Presentation on theme: " Carbon tetrachloride (CCl 4 ) continues to decrease in the atmosphere … but its abundance is not consistent with reported emissions and known lifetimes."— Presentation transcript:
Carbon tetrachloride (CCl 4 ) continues to decrease in the atmosphere … but its abundance is not consistent with reported emissions and known lifetimes. “Bottom-up” emissions derived from data reported to UNEP are highly variable and on average appear smaller than ”Top-down” inferred from observed trends. Discrepancy (~ 40 Gg per year): Cannot be explained by the lifetime. CCl 4 lifetime, = 28±5 years. Errors in reporting, or errors in analysis of reported data, possible illegal prod. Unknown sources or poorly estimated sinks WMO/UNEP (2011) Carbon Tetrachloride (CCl 4 ) NOAA AGAGE Chapter 1, Figure 1-1, 2010 SAP Report Global Surface Mixing Ratio (ppt) 19901995200020052010 110 100 90 Chapter 1, Figure 1-5, 2010 SAP Report Emission or Production (Gg/yr) 198519901995200020052010 0 100 300 200
Atmospheric lifetime will increase from 35 years (WMO, 2011) to approximately 50 years. ocean = 94 years, soil = ∞ Total lifetime increases from 26 years to about 33 years - ~ the lower bound in WMO (2011) Fraser et al. (2013) estimate that global CCl 4 emissions from landfills could be 8-12 Gg/yr. Fraser et al. also suggests there may be some small emission from H 2 O chlorination Any industrial procedure that uses chlorine in association with organics is likely to produce at least some CTC. An example is the chlorination of carbon monoxide to produce phosgene (COCl 2 ), which is used on a large scale in production of isocyanates, the precursors of polyurethanes. New information Chapter 1, Figure 1-5, 2010 SAP Report Emission or Production (Gg/yr) 198519901995200020052010 0 100 300 200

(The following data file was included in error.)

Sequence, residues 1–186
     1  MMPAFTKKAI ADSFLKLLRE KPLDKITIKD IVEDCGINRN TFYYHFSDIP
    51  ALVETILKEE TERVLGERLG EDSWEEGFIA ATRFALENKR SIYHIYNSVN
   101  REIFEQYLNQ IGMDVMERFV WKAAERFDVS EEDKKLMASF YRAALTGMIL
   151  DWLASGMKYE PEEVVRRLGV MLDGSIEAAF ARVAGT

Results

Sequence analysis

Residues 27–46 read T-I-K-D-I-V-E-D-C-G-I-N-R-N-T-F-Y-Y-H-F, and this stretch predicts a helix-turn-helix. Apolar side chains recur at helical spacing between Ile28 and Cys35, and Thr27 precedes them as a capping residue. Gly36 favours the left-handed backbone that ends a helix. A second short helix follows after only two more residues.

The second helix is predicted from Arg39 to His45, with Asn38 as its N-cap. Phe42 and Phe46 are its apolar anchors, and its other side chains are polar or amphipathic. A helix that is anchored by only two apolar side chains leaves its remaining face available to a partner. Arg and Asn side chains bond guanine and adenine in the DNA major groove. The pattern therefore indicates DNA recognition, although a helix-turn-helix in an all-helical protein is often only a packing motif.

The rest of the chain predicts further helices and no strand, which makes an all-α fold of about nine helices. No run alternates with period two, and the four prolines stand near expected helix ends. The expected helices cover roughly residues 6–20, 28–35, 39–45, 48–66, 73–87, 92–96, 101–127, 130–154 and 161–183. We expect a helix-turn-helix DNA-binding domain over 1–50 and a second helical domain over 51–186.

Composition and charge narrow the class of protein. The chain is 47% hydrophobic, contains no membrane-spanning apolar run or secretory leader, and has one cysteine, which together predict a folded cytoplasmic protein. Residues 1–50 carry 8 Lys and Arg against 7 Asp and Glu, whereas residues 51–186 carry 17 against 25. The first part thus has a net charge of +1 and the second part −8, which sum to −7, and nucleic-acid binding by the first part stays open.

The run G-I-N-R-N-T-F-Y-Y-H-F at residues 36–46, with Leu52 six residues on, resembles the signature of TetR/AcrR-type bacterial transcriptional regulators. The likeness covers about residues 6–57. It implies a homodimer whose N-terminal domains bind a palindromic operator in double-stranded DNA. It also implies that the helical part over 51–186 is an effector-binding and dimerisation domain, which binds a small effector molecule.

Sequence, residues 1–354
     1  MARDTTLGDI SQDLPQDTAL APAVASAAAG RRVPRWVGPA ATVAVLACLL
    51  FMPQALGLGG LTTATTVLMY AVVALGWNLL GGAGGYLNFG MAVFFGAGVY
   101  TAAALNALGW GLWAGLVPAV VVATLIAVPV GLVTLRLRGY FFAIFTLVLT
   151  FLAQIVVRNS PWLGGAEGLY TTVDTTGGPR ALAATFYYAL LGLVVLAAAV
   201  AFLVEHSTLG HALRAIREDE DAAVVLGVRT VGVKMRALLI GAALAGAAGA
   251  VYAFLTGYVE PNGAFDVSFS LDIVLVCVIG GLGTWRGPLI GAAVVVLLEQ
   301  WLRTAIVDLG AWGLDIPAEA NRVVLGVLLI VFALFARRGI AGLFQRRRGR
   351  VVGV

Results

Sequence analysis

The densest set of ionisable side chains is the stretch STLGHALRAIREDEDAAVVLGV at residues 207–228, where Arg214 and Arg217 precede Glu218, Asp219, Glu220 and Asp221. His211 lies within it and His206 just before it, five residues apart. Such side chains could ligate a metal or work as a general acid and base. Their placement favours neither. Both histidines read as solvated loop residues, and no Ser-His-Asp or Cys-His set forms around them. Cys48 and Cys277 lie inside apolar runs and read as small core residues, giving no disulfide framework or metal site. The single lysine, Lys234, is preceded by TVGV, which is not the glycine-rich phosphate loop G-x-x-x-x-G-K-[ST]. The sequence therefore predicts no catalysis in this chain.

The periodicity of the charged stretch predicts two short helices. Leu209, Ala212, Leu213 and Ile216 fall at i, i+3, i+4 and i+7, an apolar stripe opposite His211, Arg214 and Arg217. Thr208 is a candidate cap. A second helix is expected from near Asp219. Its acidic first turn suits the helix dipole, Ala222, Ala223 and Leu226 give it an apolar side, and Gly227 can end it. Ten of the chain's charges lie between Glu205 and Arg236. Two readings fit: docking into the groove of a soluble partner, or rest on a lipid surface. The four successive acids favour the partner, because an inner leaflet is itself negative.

CCl 4 summary A revision of the lifetime will reduce the “top- down” emission estimate by approximately 10-20 Gg/yr Estimates of global legacy emissions are approximately 8-12 Gg/yr, revising upward the “bottom-up” emission estimate The 40 Gg/yr emission budget gap between the “top-down” and “bottom-up” estimates has been narrowed, but not quite closed.
ODP and GWP of proposed CFC: R-316c Two isomers Not clear if the use is for only one- could be a mixture Atmospheric lifetime and properties are not very different for the two isomers Based on work done at NOAA Boulder: J. B. Burkholder, V. Papadimitriou, M. McGillen, A. Jubb, S. Smith, B. Hall, R. Portmann Work not yet-peer reviewed. To be published.
The photolytic loss of RC-316c has been evaluated by laboratory studies Gas phase reactions in the troposhere too slow to contribute o Mainly lost in the stratosphere: UV photolysis in the stratosphere is the major loss process o O(1D) reactions contribute in the stratosphere Similar to CFC-12 and 113 Slightly higher cross section in the key “window” region: 190- 210 nm Other tropospheric loss processes may contribute a little
Lifetimes and ODP 2D model calculations using laboratory data MoleculeLifetime, yrsODP CFC-11581 CFC-121020.97 N2ON2O122 R-316c810.46 Consistent with simple scaling: 0.54 rel to CFC-11 0.41 rel to CFC-12 2 nd model estimated 0.5 for an ODP R-316c is a potent ODS with an ODP of approximately 0.5
IR Cross sections and GWP Based on laboratory data and calculated atmospheric lifetime, the GWP has been calculated. R-316C is a potent greenhouse gas, roughly half as much as CFC-12 and comparable to CFC-11 Molecule20-yr GWP 100-y GWP 500-y GWP CFC-11673047501620 CFC-1211000109005200 N2ON2O289298153 R-316c434043002050